Final Kansas City location determined for ERS, NIFA

USDA signs lease for downtown Kansas City, Mo., to house relocated ERS and NIFA agencies.

Jacqui Fatka, Policy editor

October 31, 2019

4 Min Read
KC Animal Health

It has been a month since the relocated offices of the U.S. Department of Agriculture’s Economic Research Service (ERS) and National Institute of Food & Agriculture (NIFA) reported for work in the Kansas City region. On Thursday, USDA announced that it signed a lease for permanent office space at 805 Pennsylvania Ave. in downtown Kansas City, Mo., to serve as the new home to the two agencies, which were uprooted from their previous locations in Washington., D.C.

The uncertainty of the final office location – whether on the Kansas or Missouri side of the Greater Kansas City region – caused many employees to hesitate on making the move. In a statement, Agriculture Secretary Sonny Perdue said the announcement of the permanent home for ERS and NIFA will “provide clarity on commute times and work/life balance for our employees.”

Perdue added, “The region is not only a hub for agriculture in America’s heartland but is also already proving to be a diverse talent pool in proximity to many land-grant and research universities. I’m confident Kansas City will continue to be a great home for the future of ERS and NIFA.”

In August 2018, Perdue announced the relocation plans, and by May, the Kansas City region was selected, but a permanent location was not named. Since Sept. 30, 2019 -- the first day to report for work as part of the relocation efforts -- both agencies have been housed in USDA’s Beacon Center and will remain in that space until the build-out of the permanent office is completed.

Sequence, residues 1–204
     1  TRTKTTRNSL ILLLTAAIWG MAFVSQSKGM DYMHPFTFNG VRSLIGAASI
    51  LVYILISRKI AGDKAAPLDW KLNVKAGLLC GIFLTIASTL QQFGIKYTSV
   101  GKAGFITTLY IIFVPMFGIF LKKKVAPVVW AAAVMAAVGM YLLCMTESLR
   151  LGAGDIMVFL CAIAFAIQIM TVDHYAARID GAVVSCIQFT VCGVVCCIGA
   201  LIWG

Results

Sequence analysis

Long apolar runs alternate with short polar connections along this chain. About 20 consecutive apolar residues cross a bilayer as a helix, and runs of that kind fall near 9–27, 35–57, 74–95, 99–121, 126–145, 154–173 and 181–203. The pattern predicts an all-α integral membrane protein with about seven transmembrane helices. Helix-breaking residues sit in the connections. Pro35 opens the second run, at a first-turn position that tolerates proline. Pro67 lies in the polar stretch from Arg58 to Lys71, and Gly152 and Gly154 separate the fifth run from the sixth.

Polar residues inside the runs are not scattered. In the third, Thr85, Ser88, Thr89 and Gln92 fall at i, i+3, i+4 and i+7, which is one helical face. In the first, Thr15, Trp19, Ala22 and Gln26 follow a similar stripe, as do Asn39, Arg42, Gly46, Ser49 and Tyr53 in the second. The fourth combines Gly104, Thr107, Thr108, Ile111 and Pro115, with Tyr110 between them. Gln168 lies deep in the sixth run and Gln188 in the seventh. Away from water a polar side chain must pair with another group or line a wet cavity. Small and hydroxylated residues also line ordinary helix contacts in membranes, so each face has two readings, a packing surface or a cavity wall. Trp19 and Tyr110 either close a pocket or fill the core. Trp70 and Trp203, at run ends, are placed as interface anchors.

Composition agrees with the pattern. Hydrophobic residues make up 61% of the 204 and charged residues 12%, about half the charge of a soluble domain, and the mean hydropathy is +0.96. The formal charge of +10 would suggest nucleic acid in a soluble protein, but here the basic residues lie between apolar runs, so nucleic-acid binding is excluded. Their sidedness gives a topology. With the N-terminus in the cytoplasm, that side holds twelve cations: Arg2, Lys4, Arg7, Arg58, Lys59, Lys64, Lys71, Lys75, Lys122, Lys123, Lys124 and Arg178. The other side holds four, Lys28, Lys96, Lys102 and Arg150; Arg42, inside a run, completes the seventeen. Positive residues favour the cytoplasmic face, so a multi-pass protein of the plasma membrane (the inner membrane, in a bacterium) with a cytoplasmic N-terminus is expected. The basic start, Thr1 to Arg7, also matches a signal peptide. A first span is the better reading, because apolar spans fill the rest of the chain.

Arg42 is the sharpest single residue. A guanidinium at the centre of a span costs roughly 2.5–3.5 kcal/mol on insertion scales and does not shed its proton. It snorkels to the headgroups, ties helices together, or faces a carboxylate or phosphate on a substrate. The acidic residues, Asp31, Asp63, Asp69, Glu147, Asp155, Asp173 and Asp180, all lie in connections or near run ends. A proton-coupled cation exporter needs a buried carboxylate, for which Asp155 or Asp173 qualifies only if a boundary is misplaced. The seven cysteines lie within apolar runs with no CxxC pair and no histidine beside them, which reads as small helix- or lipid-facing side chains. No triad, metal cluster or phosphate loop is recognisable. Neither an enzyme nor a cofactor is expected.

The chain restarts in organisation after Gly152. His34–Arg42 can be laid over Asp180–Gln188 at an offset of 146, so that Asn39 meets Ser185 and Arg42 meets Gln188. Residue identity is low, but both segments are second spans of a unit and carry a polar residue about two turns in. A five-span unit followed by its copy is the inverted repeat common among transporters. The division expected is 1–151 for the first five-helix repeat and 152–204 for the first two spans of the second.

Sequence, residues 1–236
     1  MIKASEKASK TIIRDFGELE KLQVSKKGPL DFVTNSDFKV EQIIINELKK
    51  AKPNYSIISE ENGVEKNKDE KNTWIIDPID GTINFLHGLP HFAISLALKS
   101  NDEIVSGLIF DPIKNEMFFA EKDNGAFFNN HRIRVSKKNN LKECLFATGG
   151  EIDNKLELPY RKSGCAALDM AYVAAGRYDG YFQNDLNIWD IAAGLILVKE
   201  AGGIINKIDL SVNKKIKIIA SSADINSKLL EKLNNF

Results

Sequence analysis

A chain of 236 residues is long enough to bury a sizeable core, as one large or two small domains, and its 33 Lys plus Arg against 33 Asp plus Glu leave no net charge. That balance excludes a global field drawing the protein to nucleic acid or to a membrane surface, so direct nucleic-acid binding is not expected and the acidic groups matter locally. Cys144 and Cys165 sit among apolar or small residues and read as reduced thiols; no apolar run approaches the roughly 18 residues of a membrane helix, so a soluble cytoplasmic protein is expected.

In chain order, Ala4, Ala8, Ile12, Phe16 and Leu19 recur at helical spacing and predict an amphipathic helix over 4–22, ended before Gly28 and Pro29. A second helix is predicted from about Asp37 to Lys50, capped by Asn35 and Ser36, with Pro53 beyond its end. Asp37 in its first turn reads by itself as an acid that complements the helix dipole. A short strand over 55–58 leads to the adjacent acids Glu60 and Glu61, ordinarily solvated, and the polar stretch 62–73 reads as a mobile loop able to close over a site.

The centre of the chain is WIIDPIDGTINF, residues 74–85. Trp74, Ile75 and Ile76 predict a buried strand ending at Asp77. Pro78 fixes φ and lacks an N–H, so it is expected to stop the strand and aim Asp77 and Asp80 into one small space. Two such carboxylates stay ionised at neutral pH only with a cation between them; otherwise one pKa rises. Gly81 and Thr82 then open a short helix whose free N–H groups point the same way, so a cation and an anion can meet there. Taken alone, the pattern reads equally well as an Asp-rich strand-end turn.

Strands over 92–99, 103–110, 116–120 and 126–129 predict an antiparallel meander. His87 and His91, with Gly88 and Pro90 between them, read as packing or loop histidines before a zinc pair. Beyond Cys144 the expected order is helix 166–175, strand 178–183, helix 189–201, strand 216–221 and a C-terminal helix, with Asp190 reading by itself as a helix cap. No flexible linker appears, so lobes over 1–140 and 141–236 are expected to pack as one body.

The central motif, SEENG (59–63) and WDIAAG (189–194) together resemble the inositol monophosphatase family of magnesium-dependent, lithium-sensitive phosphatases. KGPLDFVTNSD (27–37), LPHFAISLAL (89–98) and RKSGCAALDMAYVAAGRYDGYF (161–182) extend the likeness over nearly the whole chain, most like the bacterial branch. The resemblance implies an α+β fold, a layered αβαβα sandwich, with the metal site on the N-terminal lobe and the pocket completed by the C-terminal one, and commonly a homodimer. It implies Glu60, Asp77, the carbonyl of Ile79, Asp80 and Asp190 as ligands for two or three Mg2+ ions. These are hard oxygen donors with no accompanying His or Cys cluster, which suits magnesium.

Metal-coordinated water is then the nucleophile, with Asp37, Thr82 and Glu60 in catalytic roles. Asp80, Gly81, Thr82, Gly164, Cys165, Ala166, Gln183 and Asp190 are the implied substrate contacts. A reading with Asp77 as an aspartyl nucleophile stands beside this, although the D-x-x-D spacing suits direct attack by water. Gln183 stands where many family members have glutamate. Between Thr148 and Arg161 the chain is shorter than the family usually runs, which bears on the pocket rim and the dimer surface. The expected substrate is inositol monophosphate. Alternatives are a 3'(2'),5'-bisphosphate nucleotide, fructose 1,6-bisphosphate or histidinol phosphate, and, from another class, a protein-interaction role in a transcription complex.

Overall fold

The move has brought an intense amount of opposition from past administrators as well as lawmakers on Capitol Hill. At a House biotechnology, horticulture and research subcommittee hearing earlier in October, discussion on the ERS and NIFA move to Kansas City dominated the hearing. Subcommittee chair Stacey Plaskett (D., V.I.) noted that 214 of the 329 appropriated positions at ERS are vacant. NIFA has 264 vacant positions out of 336 funded positions. USDA deputy undersecretary for research, education and economics Scott Hutchins noted that the hiring process has "accelerated tremendously."

An August 2019 report from the USDA Inspector General concluded that USDA had not received congressional approval, as required under law, for the move. In a letter to leaders of the House and Senate appropriations committees, concerned members noted that employees were given 33 days to decide whether they would accept relocation to a temporary location in Kansas City or lose their position.

“Although the USDA has granted requests for employees to telework on a case-by-case basis through the end of the year, as of Sept. 30, just 16 ERS employees and 45 NIFA employees have relocated to Kansas City,” the letter stated.

The members expressed concern that with only a fraction of reassigned employees opting to relocate, they were extremely concerned that the relocation would jeopardize the ability of ERS and NIFA "to continue their critical work as well as cause irreparable harm to the federal scientific workforce.”